delaney (1901-1979) found his art calling as a part of the new york harlem renaissance painting depictions of minority hardships in america. he was extremely isolated and lived as a closeted homosexual during this time. but, in ’52 delaney moved to Paris and experienced personal and artistic freedom the city offered. sadly the drink caught up with him by the early 60s and by the early 70s delaney was committed to an institution due to his deteriorated mental state. which of delaney’s emotions do you feel are captured here?

truly great painted self portraits are feats of artistic magic. since the subject and creator are the same the artist’s view into the subjects soul is as clear as humanly possible. All of the subject’s varying emotions, changing sentiments, conflicting opinions, and changes in appearance are completely known and therefore, the painter faces the challenge of choosing which of the millions of aspects of himself* to include and which to dismiss. sure, there is a hint of selective editing in this process. but there is also a clairvoyance, or final truth, in “reflective” portraiture that cannot be found an any other type of portrait art.

extra credit: can we seperate the artist from his self portrait?

 if we do not know the artists biography can we know the painting?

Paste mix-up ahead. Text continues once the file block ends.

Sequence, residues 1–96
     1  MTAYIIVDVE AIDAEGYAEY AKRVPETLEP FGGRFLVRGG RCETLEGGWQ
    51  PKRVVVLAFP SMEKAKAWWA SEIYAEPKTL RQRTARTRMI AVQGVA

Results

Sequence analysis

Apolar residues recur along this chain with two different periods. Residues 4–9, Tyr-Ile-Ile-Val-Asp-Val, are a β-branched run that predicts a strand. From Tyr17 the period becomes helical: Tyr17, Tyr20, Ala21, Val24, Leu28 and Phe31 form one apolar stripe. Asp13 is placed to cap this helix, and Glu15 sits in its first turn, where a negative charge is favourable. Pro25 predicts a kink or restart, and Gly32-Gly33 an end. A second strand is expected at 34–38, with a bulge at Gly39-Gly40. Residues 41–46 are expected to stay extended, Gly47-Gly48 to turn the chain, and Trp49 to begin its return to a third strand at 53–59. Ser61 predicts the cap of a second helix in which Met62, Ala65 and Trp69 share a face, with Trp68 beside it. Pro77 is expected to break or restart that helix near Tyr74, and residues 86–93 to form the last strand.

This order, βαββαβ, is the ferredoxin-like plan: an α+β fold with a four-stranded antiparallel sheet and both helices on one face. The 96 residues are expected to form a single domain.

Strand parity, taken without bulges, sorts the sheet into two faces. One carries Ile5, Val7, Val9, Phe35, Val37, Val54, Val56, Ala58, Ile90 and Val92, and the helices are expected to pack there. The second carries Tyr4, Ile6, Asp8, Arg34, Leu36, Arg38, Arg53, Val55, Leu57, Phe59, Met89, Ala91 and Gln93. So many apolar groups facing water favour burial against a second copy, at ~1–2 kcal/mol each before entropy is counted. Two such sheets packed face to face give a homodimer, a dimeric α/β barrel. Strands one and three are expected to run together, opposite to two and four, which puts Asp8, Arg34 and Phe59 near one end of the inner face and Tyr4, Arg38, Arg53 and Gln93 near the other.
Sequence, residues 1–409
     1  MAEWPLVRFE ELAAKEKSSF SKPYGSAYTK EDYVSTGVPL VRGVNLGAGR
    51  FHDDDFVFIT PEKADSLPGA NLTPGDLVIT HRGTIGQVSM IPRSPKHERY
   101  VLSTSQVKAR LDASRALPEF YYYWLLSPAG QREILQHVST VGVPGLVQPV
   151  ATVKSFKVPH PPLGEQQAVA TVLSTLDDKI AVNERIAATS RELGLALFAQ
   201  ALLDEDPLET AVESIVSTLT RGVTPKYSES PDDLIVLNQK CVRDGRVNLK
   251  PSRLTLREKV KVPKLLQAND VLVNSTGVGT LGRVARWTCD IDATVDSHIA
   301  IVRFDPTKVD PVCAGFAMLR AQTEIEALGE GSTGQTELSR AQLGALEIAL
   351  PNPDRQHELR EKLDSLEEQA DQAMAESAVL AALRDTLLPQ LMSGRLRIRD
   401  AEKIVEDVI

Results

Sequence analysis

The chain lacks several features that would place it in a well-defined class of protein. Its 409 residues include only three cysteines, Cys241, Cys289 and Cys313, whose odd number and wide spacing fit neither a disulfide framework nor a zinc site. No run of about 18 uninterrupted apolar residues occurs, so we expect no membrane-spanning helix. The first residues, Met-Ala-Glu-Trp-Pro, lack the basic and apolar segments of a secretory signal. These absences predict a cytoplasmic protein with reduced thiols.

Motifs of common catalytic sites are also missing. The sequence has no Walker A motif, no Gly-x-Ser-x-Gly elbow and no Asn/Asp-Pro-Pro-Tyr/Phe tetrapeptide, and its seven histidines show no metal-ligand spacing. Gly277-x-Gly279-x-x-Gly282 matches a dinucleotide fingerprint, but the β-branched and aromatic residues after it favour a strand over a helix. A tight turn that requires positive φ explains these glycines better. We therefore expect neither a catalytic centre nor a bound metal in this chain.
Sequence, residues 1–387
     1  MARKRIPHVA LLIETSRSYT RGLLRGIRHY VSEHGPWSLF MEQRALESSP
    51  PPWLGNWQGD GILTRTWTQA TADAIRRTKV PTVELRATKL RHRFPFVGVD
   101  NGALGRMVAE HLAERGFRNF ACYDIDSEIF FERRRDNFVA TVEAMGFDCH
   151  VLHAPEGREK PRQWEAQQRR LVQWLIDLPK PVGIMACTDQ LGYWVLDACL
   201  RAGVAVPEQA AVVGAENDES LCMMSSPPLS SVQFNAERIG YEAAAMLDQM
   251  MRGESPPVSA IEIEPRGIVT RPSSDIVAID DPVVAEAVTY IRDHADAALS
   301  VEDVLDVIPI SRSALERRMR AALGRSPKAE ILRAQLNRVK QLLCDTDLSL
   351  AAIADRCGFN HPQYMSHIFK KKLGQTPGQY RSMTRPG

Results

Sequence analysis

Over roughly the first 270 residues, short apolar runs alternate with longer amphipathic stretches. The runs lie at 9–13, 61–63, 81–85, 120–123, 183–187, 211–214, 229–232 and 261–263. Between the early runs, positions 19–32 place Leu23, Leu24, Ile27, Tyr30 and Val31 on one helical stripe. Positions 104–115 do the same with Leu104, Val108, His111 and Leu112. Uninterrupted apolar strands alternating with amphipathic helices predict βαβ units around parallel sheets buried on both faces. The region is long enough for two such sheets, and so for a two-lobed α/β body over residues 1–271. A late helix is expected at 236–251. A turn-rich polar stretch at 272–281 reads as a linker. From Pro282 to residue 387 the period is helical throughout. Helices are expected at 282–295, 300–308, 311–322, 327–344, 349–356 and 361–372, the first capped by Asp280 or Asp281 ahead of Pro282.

*and herself. frida as an example.

love odie and odie mama.

more portraits to come this week. stay tuned….

20 thoughts on “mirrors in oil : self portraits by the great masters : part 1

  1. I’ve always found self-portraits intriguing because it gives you a window into what the artist thinks of himself especially what they (de)emphasize (and perhaps the reason why super private Hopper took 5 years to “describe” himself?). Interesting that iconoclastic Courbet’s portrait is the most spontaneous looking/non-classical pose, no? Thanks for the fascinating post :)

    • Hi Cam,
      Thank you for visiting and sharing such insightful commentary. I agree with your hopper observation. Also, could courbet have drawn an accurate self portrait at that time in his life and have it look any other way? odie says no. I will agree with him. :) one of the more exciting self portraits in human history…

  2. That portrait of Van Gogh is very interesting as his body is blending into the colors and textures of the background but his head is clearly standing out on top of it all. I’ve been wanting to try out copying a painting of people, maybe this one… :)

    • hi appleg.
      So glad you had a chance to check out one of our fave posts. We love Van gogh too, esp his self portraits.
      We really must do a part two in oils – we’ll let you know when we do.
      O and OM.

  3. Odie mama (& Odie, too)….

    I have seen the original of the Van Gogh you included, in an exhibit at the De Young Museum in San Francisco, many years ago. It is an AMAZING painting! If you stand about 10 feet away from it, it appears to be a normal painting, very good, but, nothing special except the technique. But, if you back up, one step, to about 12-13 feet away, it literally comes alive! it no longer seems a painting, but, a small window, through which Van Gogh stares into your eyes with electric intensity; you’d swear it moved, and was a live face looking at you…. Incredible piece of art….